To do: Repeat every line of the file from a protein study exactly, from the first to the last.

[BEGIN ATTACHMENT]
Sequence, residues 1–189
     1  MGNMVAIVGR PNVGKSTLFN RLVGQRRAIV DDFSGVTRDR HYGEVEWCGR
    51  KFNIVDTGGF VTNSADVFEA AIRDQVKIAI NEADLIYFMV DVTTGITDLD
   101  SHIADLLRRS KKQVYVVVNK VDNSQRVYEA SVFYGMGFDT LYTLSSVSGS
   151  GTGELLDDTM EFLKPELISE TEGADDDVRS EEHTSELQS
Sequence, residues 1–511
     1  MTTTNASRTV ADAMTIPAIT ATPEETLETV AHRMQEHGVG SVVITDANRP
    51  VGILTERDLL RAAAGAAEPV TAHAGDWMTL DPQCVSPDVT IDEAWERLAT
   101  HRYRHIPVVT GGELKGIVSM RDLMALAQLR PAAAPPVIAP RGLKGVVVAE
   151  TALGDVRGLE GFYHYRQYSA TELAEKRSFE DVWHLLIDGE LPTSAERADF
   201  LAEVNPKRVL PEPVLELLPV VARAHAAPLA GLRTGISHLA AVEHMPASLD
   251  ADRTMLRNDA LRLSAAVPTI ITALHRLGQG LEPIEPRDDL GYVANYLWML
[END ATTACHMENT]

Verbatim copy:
Sequence, residues 1–189
     1  MGNMVAIVGR PNVGKSTLFN RLVGQRRAIV DDFSGVTRDR HYGEVEWCGR
    51  KFNIVDTGGF VTNSADVFEA AIRDQVKIAI NEADLIYFMV DVTTGITDLD
   101  SHIADLLRRS KKQVYVVVNK VDNSQRVYEA SVFYGMGFDT LYTLSSVSGS
   151  GTGELLDDTM EFLKPELISE TEGADDDVRS EEHTSELQS
Sequence, residues 1–511
     1  MTTTNASRTV ADAMTIPAIT ATPEETLETV AHRMQEHGVG SVVITDANRP
    51  VGILTERDLL RAAAGAAEPV TAHAGDWMTL DPQCVSPDVT IDEAWERLAT
   101  HRYRHIPVVT GGELKGIVSM RDLMALAQLR PAAAPPVIAP RGLKGVVVAE
   151  TALGDVRGLE GFYHYRQYSA TELAEKRSFE DVWHLLIDGE LPTSAERADF
   201  LAEVNPKRVL PEPVLELLPV VARAHAAPLA GLRTGISHLA AVEHMPASLD
   251  ADRTMLRNDA LRLSAAVPTI ITALHRLGQG LEPIEPRDDL GYVANYLWML